Why are you reading this article, what are you trying to get out of this?
Are you trying to sell a product or service?
…Or what about networking? Do you have trouble introducing yourself?
…Maybe you blank-out around the opposite sex–terrified that you won’t know what to say next?
Whatever context you’re looking to apply these skills, if you can follow this 4-phase conversational framework I’m about to show you–you’ll ALWAYS have something to talk about.
Most importantly, you’ll be able to wrap up a conversation in a way that gets people nodding their head in agreement.
Around 10 years ago I was asked an excellent question, it was:
”If you could do anything with your life, and if you knew that no matter what you did, that you could not fail, what would you choose to do?”
When I first heard this question, I had been reading and listening to a lot of Jim Rohn and Brian Tracy. For 2 to 3 years I had convinced myself I would become a master salesman, although in retrospect sales was merely a boot camp for my larger vision.
I started out selling face to face to consumers, then to small businesses, and eventually settled on consulting clients online. I think all entrepreneurs should have at least 3 to 6 months of face to face sales experience. There’s no better way to build entrepreneurial grit than to look someone directly in the eye and ask them for money.
After awhile, it’s a thrill. And when you have a process to lean on, it’s so easy..
The key to making it effortless is to understand that all good deals are based on mutual self-interest. You find out what people really care about, persuade them towards a common path where both your interests are served, and finally move them to action.
With this sort of skill set I knew that whatever goal I set for myself, I would only need to keep moving until I found the right people to make ithappen.
It’s all a numbers game and persistence is the key determining factor.
As Zig Ziglar famously said:
“You can have everything in life you want, if you will just help other people get what they want.”
I took this to heart, and so should you–and in this article I’ll explain exactly how.
So let’s get to it—I present to you: The Four Phases of a Successful Conversation:
Phase One: Rapport
The first phase of any successful conversation is establishing rapport, otherwise known as breaking the ice.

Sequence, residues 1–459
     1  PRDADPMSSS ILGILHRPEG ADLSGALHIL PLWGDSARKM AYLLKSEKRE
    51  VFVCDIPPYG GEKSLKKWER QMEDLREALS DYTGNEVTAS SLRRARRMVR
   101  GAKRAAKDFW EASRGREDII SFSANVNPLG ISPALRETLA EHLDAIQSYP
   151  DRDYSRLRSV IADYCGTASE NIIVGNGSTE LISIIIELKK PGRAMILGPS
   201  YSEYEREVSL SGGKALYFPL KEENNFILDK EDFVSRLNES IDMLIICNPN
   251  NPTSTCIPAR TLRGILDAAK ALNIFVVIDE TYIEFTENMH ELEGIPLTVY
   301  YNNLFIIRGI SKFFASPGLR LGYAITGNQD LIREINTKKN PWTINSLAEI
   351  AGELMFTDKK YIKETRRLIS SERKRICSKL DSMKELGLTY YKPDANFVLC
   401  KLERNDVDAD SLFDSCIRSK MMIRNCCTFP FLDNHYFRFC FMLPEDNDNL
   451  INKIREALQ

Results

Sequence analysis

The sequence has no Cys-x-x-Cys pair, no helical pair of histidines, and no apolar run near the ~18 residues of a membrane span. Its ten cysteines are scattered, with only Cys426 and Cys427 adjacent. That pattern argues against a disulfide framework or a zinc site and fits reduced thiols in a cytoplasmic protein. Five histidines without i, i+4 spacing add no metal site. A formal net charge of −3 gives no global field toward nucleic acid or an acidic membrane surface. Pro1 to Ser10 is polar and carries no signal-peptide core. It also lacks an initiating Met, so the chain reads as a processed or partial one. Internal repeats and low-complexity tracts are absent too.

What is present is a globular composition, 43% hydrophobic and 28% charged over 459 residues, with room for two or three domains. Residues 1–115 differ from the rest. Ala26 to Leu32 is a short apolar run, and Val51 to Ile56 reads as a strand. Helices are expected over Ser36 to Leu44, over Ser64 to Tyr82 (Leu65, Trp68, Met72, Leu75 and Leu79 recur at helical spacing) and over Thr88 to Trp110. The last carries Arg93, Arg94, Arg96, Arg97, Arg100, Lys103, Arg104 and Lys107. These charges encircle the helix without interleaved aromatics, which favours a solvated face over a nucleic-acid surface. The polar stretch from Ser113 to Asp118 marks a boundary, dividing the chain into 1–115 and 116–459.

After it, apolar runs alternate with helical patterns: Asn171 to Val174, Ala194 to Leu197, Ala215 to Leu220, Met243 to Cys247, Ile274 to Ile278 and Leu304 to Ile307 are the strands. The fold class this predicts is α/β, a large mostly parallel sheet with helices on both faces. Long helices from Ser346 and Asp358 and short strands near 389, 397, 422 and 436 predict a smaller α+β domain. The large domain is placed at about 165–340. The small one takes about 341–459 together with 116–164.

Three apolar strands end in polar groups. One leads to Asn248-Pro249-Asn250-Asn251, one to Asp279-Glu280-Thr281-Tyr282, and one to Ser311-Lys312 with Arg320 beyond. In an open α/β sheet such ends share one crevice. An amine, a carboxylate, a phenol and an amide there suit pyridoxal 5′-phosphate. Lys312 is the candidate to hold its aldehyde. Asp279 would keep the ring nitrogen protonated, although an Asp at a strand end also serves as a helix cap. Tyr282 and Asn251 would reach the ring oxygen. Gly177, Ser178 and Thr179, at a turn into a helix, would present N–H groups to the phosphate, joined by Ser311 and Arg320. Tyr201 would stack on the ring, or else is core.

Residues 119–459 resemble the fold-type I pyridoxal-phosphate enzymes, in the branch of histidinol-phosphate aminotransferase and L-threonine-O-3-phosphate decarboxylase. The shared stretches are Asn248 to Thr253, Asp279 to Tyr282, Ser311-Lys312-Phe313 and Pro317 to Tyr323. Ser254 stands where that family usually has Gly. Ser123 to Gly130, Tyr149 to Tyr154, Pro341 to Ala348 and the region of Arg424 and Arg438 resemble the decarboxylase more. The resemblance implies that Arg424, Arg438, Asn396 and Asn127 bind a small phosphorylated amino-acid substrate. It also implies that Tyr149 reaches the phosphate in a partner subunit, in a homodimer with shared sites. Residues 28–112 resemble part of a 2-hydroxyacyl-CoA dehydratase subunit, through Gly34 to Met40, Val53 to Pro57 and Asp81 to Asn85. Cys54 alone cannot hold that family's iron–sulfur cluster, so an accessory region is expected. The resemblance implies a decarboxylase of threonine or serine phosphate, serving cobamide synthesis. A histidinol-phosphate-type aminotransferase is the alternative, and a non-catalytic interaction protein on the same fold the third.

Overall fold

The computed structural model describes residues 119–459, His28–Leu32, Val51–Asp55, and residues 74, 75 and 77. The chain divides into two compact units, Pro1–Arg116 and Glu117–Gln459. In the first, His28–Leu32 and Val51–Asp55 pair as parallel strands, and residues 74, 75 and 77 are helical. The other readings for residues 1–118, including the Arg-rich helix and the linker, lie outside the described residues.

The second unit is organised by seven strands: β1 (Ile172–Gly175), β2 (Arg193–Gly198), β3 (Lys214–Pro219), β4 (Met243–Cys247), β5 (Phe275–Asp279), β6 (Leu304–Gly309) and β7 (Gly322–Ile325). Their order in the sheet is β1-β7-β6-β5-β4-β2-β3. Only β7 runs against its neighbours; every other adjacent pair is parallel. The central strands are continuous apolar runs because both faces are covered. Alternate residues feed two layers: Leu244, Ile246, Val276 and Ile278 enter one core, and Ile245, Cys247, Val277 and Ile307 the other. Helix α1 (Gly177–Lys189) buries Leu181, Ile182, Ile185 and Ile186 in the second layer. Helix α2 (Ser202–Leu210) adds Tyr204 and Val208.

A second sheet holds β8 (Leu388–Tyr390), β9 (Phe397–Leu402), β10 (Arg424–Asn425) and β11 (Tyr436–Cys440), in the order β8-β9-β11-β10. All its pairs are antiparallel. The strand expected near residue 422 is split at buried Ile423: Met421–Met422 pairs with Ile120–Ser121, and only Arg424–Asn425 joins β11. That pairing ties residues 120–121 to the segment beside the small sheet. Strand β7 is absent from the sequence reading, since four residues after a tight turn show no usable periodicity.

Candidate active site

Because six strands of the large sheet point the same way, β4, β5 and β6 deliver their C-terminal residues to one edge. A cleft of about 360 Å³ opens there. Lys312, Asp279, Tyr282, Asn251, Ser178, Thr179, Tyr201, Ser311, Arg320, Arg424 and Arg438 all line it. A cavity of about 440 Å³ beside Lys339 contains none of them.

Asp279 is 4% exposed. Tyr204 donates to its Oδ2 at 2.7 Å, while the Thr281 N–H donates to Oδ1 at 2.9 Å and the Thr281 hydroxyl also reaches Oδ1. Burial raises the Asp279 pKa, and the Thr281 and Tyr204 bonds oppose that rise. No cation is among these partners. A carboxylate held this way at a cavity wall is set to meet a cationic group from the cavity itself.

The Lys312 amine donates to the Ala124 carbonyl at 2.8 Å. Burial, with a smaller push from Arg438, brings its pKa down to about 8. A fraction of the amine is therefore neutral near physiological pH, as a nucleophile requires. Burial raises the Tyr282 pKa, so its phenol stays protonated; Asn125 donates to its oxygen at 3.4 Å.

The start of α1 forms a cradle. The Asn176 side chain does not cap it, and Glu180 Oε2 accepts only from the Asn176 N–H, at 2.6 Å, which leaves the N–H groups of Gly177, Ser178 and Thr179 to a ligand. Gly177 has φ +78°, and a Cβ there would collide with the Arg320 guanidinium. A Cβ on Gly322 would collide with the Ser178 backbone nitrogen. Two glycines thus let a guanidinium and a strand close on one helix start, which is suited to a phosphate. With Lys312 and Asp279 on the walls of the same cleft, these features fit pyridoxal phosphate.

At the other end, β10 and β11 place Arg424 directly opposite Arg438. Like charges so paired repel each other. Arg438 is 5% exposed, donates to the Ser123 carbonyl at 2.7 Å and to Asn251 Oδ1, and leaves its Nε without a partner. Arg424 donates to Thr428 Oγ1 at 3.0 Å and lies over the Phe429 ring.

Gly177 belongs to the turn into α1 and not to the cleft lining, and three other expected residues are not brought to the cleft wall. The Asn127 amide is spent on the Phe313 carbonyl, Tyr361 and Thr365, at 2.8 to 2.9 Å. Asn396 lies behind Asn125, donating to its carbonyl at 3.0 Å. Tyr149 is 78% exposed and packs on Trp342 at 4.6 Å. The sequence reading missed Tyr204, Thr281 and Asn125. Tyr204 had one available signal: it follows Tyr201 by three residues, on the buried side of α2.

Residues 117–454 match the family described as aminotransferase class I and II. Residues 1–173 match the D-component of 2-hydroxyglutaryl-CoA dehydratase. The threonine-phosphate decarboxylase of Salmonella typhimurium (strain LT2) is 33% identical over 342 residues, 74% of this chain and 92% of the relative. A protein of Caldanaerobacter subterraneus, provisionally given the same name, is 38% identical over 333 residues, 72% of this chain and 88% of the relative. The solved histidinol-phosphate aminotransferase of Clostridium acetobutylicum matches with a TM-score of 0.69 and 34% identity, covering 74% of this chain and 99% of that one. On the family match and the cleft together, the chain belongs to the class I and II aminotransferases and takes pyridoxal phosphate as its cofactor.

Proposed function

Rapport is defined as: a close and harmonious relationship in which the people or groups concerned understand each other’s feelings or ideas and communicate well.
Now you don’t necessarily need to be close or especially “harmonious” with the other person, the keys to pay attention to in the definition above are “feelings or ideas.”
As logical as we’d like to think that we are, most of our communication and actions are based on some feeling or emotion. This is the human condition, even our more rational decisions still contain a blend of feelings.
So rapport is as simple as “feeling” comfortable around someone or having something in common with them.
The second key mentioned above are shared “ideas and concepts.” Think of this as contexts, places, experiences, likes, dislikes, and roles that people play. The more of these factors that two people know about each other, the more likely they are to be open, creative, and engaged with one another.
The concept is easy to grasp: You have to create a real, personal connection with this individual–quickly–and it doesn’t have to be deep, just real.
This isn’t hard to do. In fact, it happens in a moment, you do it all the time.
My go-to method of establishing rapport with someone is asking them their name, then repeating it back to them immediately in my response and at least couple more times throughout the conversation. It shows that you recognize them as an individual.
By expressing interest and engaging with them on a personal level, you’re better able to hold their attention, but getting their name is only the first step.
A few other good examples are:
What do you do for a living?
Exchanging information about what each other does builds understanding and trust.
Where are you from?
Even if they’ve never been to your hometown, they’ll be more comfortable with you by knowing it.
Do you have any interesting/crazy/weird hobbies?
They’ll feel much more comfortable sharing things about themselves if you have an accepting attitude to unique or strange things.
Use anything that connects to them on a personal level. Talk about family, friends, places they’ve visited, or entertainment they consume. It’s far easier to understand and relate to a person if you’re able to humanize them and understand what their day to day life might be like.
Remember to also provide some information about yourself while you’re doing this.
While it’s important to get to know them, they’re also going to want to know something about you so that the bond you’re creating is mutual.
So once a connection is established, follow that momentum right into the second phase.
Phase Two: Leverage
The second phase is all about understanding a person’s motivations and what they really care about. We scratched the surface level with gaining rapport, but now it’s time to dig deeper.
This phase is all about the other person, you may have talked about yourself previously, but now it is time to ask and listen.
Really pay attention–you’ve got to actually care about the person you’re talking to in order for this method to work.
Now that you’ve got a comfortable conversation initiated, it’s time to start finding out who they REALLY are and what they believe about themselves, other people, and the world at large.
My favorite question to ask for this purpose is simply: “Why?”
By asking “Why?” you’ll end up discovering much about their morals, ethics, and what they believe to be true about life. Asking “Why is that important to you?” will reveal a person’s core values and motivations.
The key here is to ask open ended questions so they can elaborate and tell you their personal story.
For example: “Hey Tom, do you like it where you live?”
This limits Tom to a yes or no answer, it does nothing to invite further conversation.
However, posed like this: “Hey Tom, what stands out about where you live?”